and 99. ranged between 0. method (28). and 13 the Swedish Cause of Death Registry.030 women preted as no intake of that particular food (33). 2015. but in women we each food by its ORAC concentration (μmol Trolox equiva- also used time-updated information by means of the complete lents (TE)/100 g) (Trolox: F. Because antioxidants in coffee and tea have Ethical Review Board in Stockholm. with a higher number of items over We used data from 2 previously described (1) population. We considered as the primary outcome all-cause mortal- sour milk. from the Swedish National Food Agency database (34) and ond analysis with baseline set at the second examination. our main objective in this Swedish cohort study quency categories in increasing order from zero times per was to determine whether fruit and vegetable intake or total month to more than 3 times per day. We used the under- vegetables (carrots. onion. we took into account ab- sorption (6% for coffee and 4% for tea) when calculating the Exposures ORAC (36). cabbage. Hoffmann-La Roche AG. cauliflower. The participants reported. In accordance with national dietary guidelines (32). antioxidant intake modifies the previously observed rela. Despite a response rate of only 49%.714 women who were alive on January 1. peas. Instructions in the FFQ stated that 1 serving of milk years residing in 2 Swedish counties completed a question. and other fruit). ation between the FFQ and four 7-day food records every All men aged 45–79 years residing in 2 counties in central third month (a gold standard reference) was approximately Sweden were invited to participate in the study (n = 100. Missing values for individual dairy products were inter- quent expanded questionnaire was sent to the 56. or high-fat (3%)). were fewer. FFQ contained 31 items with available ORAC values. The to- 45. 5 fruits (apples. broccoli. In a sec. and other vegetables) (29–31). independent of the amount in- 1987–1990 when 74% of all 90. orange juice. Basel. ity registered between baseline and September 30. porting of dietary intake (28). 26). In the 1987–1990 FFQ. but they comprised more fruit or vegetable items in each category. Spearman coefficients for correlation between the The FFQ and lifestyle questionnaire was completed by FFQ and the averages of these four 7-day dietary records 48. the Spearman coefficient for correl- The Cohort of Swedish Men was established in 1997. consumption of milk and of fruits lettuce. medium-fat (1. According to validation studies of the self- and free of any previous cancers. including milk (ei- ther low-fat (≤0. 25.5%). The fruit and vegetable categories repre- METHODS sented the typical consumption pattern in Sweden at the time of each investigation. the Co. which were regarded as women with implausible values for total energy intake (≥3 zero consumption. The 861 kcal/day and 7. as the sum of the antioxidant content of the 31 food items. berries. in oranges/citrus fruit. 0. We calculated estimates of total antioxidant capacity from and prevalence of overweight (29). The correlation between the total antioxidant capacities of dietary ORAC and plasma ORAC was 0. a subse. and intakes were summed into a sin- lifestyle that had been enclosed with a mailed invitation to gle measure representing total milk intake on a continuous undergo routine mammography screening. spinach. yogurt. For the present analysis.240 women without a prevalent cancer sumption frequency of each food item by the nutrient con- diagnosis in the SMC with information from 1987–1990 and tent of age-specific portion sizes and reference data obtained 38. compensates for overall under.7 (35). beet root. Sweden. this age range in relation to age distribution.311 kcal/day). is unlikely to represent a bias for the ob- standard deviations below or above the log-transformed mean served findings (33). cutoffs were 574 kcal/day and 4.303). consumption. only based cohort studies. peppers. In fact. corresponds to 1 glass of 200 mL. we were adjusted for total energy intake using the residual included 36. pea soup. 1998. time. the numbers of fruit (n = 4) and vegetable (n = 5) categories tionship between milk consumption and death. scale.707 kcal/day) milk consumption on the FFQ part of the questionnaire re- (27) and those with missing data on all items regarding fruit ported that they did not consume milk when posed a specific and vegetable consumption.5%). and free of tal antioxidant capacity of the diet (µmol/day) was calculated previous cancers were available. educational level. reported milk intakes.8% had consumption of less than 1 glass/day intake. In the present study. been shown to be poorly absorbed. cheese. 1998. of death. The SMC started in the calculation of daily intake. by means of a valid and reprodu- cible FFQ. In 1997. bananas. In Scandinavia. Nutrient intakes were estimated by multiplying the con- ysis included 61.850 men. Exclusion of outliers for energy question. SMC data set. toes. lying cause of death from the Swedish Cause of Death . their average frequency of consumption of up to 96 Outcomes foods and beverages during the past year.331 women with updated information from 1997. as described in detail previously (18).280 men who were alive on January 1. The studies have been approved by the Regional Switzerland).or overre. We excluded tion of missing data for single items.303 women aged 39–74 gested. 92% of those who did not report energy intake. a first anal. the Swedish Mammography Cohort 1 glass of juice (fresh or from concentrate) was included in (SMC) and the Cohort of Swedish Men. toma- and vegetables displays a wide range in intake (1. in addition to adjustment for total energy intake in the according to complementary open questions regarding dairy statistical analyses.4 and 0.31. The small frac- still living in the study area (response rate 70%).2 Michaëlsson et al. garlic. The single FFQ administered in 1997 was used to simplify calculated by multiplying the average daily consumption of the comparison between men and women. We excluded men with diet analyzed with an oxygen radical absorbance capacity implausible values for total energy intake (cutoffs were (ORAC) assay.7 for individual fruit and vege- hort of Swedish Men is representative of Swedish men in table items. Milk intake was specified naire covering diet (food frequency questionnaire (FFQ)) and according to fat content. There were 8 possible fre- Therefore.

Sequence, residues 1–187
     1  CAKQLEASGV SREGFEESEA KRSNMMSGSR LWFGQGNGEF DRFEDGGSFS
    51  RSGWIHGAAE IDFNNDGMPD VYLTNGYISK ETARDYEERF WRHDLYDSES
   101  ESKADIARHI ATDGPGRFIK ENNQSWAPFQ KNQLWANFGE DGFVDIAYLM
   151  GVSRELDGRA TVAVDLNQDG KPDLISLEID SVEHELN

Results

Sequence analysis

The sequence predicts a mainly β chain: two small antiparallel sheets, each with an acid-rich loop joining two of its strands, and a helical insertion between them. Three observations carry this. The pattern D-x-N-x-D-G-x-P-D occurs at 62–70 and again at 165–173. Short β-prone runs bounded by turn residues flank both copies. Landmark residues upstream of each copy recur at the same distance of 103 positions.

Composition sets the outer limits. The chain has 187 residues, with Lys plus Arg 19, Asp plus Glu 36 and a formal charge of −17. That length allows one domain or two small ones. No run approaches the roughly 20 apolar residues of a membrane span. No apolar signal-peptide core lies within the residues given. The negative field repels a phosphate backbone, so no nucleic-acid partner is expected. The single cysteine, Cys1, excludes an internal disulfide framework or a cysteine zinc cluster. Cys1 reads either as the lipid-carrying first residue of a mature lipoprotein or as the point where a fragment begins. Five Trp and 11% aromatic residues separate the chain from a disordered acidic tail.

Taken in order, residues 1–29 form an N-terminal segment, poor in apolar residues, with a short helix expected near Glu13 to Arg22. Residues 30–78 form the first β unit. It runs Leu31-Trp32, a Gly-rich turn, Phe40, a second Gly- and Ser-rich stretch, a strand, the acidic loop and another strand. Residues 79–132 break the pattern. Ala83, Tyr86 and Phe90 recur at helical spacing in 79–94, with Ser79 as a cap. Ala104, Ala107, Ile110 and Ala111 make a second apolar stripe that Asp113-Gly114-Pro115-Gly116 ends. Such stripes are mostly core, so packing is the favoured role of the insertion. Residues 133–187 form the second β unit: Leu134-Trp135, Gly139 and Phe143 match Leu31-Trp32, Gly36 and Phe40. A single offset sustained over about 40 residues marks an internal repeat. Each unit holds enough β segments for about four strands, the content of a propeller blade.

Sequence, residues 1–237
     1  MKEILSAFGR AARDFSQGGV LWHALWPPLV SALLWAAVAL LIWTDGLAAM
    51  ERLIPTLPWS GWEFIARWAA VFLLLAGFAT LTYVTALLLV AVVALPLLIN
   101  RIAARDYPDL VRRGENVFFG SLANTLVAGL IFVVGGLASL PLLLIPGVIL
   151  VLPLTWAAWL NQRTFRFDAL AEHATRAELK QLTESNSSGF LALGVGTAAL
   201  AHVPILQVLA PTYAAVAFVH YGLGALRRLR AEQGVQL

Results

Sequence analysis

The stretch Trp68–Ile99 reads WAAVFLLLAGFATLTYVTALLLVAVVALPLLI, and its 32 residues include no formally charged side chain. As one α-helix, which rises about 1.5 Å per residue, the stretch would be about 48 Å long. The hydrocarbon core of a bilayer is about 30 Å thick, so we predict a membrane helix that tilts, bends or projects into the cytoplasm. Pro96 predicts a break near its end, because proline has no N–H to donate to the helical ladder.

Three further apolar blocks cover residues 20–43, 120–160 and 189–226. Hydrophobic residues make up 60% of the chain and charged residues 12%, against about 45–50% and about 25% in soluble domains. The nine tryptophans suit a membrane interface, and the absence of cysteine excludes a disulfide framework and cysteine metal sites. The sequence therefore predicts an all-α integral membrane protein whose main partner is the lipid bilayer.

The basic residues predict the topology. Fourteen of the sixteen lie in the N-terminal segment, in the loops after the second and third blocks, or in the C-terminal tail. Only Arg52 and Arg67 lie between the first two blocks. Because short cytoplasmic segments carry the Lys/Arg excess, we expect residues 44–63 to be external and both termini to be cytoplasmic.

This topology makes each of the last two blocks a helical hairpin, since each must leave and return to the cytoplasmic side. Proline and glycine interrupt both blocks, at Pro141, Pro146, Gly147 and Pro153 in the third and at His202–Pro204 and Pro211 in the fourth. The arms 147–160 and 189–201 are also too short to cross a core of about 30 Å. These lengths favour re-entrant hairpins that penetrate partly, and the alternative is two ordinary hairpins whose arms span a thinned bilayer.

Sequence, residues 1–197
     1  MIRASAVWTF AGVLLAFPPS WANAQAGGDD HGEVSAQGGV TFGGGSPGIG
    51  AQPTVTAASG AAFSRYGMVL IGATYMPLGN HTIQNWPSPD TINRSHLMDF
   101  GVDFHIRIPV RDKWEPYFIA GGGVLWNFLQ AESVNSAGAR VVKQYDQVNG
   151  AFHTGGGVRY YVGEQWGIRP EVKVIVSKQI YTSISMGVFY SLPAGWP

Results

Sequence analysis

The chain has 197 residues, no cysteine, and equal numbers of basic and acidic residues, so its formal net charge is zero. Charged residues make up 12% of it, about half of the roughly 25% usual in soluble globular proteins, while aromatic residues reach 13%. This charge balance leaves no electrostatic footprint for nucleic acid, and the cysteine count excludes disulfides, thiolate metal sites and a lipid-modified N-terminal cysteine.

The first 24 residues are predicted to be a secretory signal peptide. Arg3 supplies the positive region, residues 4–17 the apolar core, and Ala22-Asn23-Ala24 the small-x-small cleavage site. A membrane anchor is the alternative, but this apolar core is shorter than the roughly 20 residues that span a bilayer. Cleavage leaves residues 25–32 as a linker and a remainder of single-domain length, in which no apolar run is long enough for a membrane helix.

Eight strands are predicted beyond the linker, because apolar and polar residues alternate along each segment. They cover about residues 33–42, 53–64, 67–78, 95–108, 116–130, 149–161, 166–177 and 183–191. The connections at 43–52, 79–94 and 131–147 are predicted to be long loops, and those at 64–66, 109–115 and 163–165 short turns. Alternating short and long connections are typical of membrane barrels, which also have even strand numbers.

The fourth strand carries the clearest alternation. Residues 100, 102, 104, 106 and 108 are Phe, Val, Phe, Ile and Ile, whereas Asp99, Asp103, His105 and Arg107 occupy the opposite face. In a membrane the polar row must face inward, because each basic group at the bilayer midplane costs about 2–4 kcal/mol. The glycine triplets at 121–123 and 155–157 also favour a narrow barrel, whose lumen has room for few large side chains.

8 (19.5) 191.8 (1.0 (4.685) 1.7) 55.385 38. g/day 19.Table 1.9 (3.59) Milk.9 (1.6) 85.6 (60.61) 1.900 31.2) 4.06) Dietary intake Energy.2 5.5 (67.3) 97.301 14.8 2.0 (12.414 (433) 1.1) 21.581 9.2) 75. of Mean (SD) % Mean (SD) % Mean (SD) % Mean (SD) % Persons Persons Persons Persons All participants 16.3 7.2 (9.1 (8.8 (5.4) 196.240) Milk Intake.3) 4.8 (9.8 (40.8) 42.64) 1.5) 54. glasses/day <1 1–<2 2–<3 ≥3 Characteristic No.537 (413) 1.6 (14.70) 1.3 (37. g/day 62.0) Leisure-time physical activity.0) 69. Antioxidant Foods.09 (0.0 (18.1 Table continues 3 . hours/weekc <1 3.031) 201.1 (3.8) 81.9 1.0 (8.9) Fruit and vegetables.1 2.8) 25.1) Cheese.6 (3.8 509 9.8 (21.06) 1.9) 400.5 (1.1 (4.8) 27.4 (3.587 (204) Retinol.7 (22. mg/day 0.7) 54. years 53.5 (9.9 783 14.7 (63.2 15.0 (143.8 1.8 2.2 6.7 (63.256 19. mg/day 1.1 (1.8) 42. m (n = 59.094 26.869 27.954 25.8 (151.1 3.0) 2.2) Saturated fat.94 (0.101 (174) Vitamin D.423 14.3 (19.1 Age at entry.0 (147.4 (105.2 (2.1) Vegetables.4) 5.9 (8. Characteristics of the Swedish Mammography Cohort (Women) According to Milk Consumption at the 1987–1990 Baseline (n = 61.64 (0.8) Protein.4 (2. MET-hours/day 42. g/day 70. g/day (n = 61.2 (113.350 8.526 32.0 >5 1.077 19. g/day (n = 61.0) 24.4 (8. of No.405 25.8 (101.104) 92.5 23.0) 1.1) Red and processed meat.3 (9.8 1.2) 73.9) 24.3 (17. μg/day 3.960) 24.0 (9. g/day 102.783 31.3 1 4.2) Height.8) Total fat.2 (6. and Mortality Alcohol.9 4–5 2.6 2–3 5.1) 3.64 (0.0 (24.3) 201.2 (4.4 (8. g/day 26.7) Phosphorus.9 (4.282 31.2) 85.7 (117.0) 676.9) 52.242 (184) 1.2) 26.6) Calcium. of No.9) Yogurt.0) 24.0) 48.06) 1.64 (0.5) 87.7) 183.4 3. of No.2 4.286 14.6 (132.7 (3.0) 3.03 (0.6 (4.396 18.4 (4.429 25. mg/day 733 (159) 859 (139) 972 (144) 1. kcal/day 1.1) 30.478 (174) 1.6 (2.900 18.06) 1.9 (16.254 25.8) 79.083 8. g/day 44.6) Body mass indexa (n = 58.1) 87.5 (39.967 (525) Milk.2) 93.4) 65.0) Fruit.9) 3.0) c Physical activity. g/day 3.1) 66.4 (1.3 4.09 (0.8) 42.7 1.6) 26.6 (136.5) 2. g/dayb 17.709 (433) 1. servings/day 3.4 (44.654 9.365 (165) 1.1 (9.2 (42.64 (0.